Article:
E-scooters (electric scooters) have provided great benefits in Australia since being first available in 2019, but there are also fears about the future and safety of these motor vehicles.
A recent study by Monash University found a 234 percent increase in hospitalisations due to scooter induced injuries over the past year. Hospitalisations have jumped from 128 in 2020/21 to 427 in 2022. While most accidents are due to people falling off their scooter, being hit by a car and colliding with bikes also contribute to these statistics.
Much of the rise in hospitalisations is due to lagging legislation, which is causing the frequent use of illegal, privately owned e-scooters in the majority of the country. However, there are also problems with public service e-scooters becoming a public safety issue.
Lord Mayor of Melbourne Sally Cap tells upstart that they will continue listening to feedback and make decisions in the best interest of people’s safety in the CBD.
“We want to ensure that’s the standard set for providers in Melbourne. If new providers looking to operate in our municipality can’t meet these compliance standards, we won’t welcome them,” she says.
Although company e-scooters are limited to 25km/h, problems involving the cluttering of busy CBD footpaths and the use of private scooters are making people frustrated and left feeling unsafe.
Executive Officer of advocacy group Victoria Walks, Ben Rossiter, says that the misuse of scooters is common.
“Technically, the e-scooters should be on the roadways, not the footpath, but we know there is a lot of non-compliance, which is a concern,” he tells upstart.
“Particularly for older walkers, people with disabilities, families with kids, when e-scooters are breaking the law [by riding on footpaths] it makes it harder for them to move about. It is not just crashes; it is fear of the risk of injury.”
However, despite the concerning patterns, e-scooters have enhanced local public transport networks and provide a transport option that many people in Australian cities rely on. It is allowing less able-bodied people to travel without the need for their own personal vehicle.
First introduced in 2016 in Singapore by Neuron Mobility, the Neuron scooter has been widely popular and were first supplied in Australia in 2019. According to an impact report by the company, as of May this year, 45 percent of Neuron e-scooter rides replaced car journeys across the globe. The company also claims that this has significantly reduced carbon dioxide emissions, eliminating an estimated 1,555 metric tonnes to date across users in 28 cities.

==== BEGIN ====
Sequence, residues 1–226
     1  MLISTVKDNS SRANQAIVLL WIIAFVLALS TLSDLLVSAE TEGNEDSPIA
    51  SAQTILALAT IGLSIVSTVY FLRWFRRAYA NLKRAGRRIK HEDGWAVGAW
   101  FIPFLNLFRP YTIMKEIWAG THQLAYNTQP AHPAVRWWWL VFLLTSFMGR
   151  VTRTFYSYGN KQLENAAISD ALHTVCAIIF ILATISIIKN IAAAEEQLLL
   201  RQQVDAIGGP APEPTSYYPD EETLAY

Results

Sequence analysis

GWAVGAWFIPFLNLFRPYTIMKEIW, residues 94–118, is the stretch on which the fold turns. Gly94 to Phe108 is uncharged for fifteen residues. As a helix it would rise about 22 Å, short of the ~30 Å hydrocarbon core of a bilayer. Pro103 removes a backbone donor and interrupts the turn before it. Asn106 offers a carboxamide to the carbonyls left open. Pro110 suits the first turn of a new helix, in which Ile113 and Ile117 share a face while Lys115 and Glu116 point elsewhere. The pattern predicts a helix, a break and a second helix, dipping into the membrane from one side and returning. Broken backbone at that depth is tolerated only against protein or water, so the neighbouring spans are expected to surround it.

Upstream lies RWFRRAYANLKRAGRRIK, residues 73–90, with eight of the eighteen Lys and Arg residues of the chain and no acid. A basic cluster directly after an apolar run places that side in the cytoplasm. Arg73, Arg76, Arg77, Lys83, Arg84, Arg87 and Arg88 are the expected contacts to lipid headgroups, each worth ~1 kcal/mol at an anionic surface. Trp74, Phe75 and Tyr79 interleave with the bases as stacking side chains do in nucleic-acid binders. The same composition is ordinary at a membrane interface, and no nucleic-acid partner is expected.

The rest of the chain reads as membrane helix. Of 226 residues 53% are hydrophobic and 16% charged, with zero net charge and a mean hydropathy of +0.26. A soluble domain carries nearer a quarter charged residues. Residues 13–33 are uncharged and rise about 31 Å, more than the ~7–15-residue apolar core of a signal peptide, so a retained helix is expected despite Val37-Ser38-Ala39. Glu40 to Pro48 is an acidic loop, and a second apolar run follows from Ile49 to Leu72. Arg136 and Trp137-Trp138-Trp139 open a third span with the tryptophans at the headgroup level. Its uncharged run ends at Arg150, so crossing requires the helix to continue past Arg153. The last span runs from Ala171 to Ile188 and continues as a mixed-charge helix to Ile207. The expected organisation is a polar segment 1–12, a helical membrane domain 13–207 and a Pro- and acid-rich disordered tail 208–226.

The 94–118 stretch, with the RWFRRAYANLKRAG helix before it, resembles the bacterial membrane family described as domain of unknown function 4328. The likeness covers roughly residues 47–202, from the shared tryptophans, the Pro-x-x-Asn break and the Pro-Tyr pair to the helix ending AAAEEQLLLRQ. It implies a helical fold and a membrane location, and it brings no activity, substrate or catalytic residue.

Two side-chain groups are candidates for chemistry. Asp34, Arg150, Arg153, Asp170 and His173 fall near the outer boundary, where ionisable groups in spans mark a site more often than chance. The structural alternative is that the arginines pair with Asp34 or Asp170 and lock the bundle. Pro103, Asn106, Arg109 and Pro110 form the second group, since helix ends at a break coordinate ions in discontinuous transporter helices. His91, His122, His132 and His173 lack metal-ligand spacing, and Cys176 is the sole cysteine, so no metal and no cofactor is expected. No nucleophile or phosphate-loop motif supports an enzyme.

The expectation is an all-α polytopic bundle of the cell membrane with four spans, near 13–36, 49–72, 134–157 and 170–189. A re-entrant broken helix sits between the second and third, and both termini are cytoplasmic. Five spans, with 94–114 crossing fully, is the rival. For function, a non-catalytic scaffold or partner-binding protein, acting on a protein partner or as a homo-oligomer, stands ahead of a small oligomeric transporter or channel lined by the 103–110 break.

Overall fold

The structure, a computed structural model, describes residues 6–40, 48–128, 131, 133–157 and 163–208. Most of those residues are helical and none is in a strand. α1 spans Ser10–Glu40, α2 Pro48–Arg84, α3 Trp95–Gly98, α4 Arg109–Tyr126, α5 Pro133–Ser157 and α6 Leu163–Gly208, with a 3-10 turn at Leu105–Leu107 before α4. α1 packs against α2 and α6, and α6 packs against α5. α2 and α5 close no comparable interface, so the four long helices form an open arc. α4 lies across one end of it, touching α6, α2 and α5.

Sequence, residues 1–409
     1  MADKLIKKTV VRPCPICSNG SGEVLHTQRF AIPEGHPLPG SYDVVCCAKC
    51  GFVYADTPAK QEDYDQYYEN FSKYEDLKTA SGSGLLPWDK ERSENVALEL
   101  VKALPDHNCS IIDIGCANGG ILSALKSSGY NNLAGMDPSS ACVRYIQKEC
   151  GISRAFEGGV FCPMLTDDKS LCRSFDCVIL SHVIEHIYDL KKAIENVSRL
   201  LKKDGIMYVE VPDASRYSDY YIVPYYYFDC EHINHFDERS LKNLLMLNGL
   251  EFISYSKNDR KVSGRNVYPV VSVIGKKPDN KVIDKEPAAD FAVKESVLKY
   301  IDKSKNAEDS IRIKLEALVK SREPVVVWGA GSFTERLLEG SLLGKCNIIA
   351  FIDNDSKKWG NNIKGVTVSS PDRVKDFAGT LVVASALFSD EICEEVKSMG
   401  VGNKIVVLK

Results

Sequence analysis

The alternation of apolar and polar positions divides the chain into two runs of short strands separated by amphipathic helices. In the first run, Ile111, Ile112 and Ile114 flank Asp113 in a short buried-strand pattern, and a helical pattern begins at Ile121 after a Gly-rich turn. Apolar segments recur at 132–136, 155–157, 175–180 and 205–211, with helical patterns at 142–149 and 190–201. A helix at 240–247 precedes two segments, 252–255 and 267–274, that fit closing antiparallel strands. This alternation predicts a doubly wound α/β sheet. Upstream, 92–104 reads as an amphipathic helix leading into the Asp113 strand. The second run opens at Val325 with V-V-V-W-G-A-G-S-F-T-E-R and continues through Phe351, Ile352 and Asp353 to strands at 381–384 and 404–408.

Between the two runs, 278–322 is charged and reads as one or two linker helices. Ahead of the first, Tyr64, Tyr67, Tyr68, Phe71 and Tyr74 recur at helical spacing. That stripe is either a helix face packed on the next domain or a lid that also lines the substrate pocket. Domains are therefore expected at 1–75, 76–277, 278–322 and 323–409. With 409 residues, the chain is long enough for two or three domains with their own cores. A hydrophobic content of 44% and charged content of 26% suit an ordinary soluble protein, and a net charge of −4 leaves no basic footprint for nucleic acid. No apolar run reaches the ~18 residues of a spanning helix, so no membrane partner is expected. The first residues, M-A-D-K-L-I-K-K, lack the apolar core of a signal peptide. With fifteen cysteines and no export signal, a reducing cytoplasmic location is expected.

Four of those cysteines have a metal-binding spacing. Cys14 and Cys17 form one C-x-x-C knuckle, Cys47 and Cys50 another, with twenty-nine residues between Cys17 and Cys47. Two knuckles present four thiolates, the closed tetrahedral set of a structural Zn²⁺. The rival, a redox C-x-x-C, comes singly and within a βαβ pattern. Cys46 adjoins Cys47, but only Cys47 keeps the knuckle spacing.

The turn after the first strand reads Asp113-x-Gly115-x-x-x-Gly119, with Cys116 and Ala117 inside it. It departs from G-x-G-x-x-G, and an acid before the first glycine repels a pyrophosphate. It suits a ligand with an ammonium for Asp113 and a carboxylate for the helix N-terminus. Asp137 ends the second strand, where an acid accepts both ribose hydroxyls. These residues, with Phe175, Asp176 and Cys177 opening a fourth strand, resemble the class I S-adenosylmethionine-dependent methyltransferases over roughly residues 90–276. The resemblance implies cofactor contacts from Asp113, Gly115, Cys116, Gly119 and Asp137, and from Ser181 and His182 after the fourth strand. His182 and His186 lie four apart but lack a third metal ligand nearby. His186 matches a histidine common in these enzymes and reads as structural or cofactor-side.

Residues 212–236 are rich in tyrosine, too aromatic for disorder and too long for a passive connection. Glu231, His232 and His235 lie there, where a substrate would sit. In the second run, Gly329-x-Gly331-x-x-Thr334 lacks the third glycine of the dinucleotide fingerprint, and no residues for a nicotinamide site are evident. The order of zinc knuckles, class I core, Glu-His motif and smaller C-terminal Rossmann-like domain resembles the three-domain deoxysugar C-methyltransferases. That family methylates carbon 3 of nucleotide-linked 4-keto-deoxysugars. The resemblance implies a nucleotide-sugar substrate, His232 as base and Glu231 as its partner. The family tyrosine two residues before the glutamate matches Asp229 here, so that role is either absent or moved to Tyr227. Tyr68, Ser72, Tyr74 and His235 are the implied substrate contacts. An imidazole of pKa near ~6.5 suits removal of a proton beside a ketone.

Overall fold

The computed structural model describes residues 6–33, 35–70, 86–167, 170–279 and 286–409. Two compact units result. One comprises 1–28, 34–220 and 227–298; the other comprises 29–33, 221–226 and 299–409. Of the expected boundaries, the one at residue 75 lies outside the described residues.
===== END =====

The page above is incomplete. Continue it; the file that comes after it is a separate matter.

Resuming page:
In order to retain the benefits of this form of transport while keeping everyone safe, Mayor Capp says that there are many strategies being formed to improve the safety of e-scooters, with a current trial in place testing all new technologies. At the start of June, Neuron Mobility launched an 18-month trial that will see a gradual rollout of 400 e-scooters throughout a 13km² riding area.
“We’ve provided feedback to Lime and Neuron on a range of issues, such as establishing no-park zones in heavy pedestrian areas, best-practice safety messaging and promoting the benefits of the e-scooter trial to the city economy,” she says.
Across the new trial, modern technology like the incorporation of safer helmets, designated parking spaces and improved geofencing technology is being tested.
Lauren Bell, an Account Executive at Seven Communications, who is responsible for selling and marketing Neurons across Sydney, tells upstart that the aim of the development is to adjust quickly to safety issues.
“We continue to design and manufacture our own safety-first e-scooters, as well as develop and roll out a range of innovative technology. This allows us to innovate quicker and more efficiently,” she says.
“Other world-firsts include battery swapping e-scooters, voice guidance and the implementation of the first full suite of geofencing technology to control where e-scooters are ridden and parked and their speed in different areas.”
With the potential implementation of revolutionary technology, it looks like public e-scooters will be here to stay long into the future and help to positively impact transport systems in cities.
Photo: Lime e-scooters by Mack Male available HERE and used under a Creative Commons license. This image has not been modified.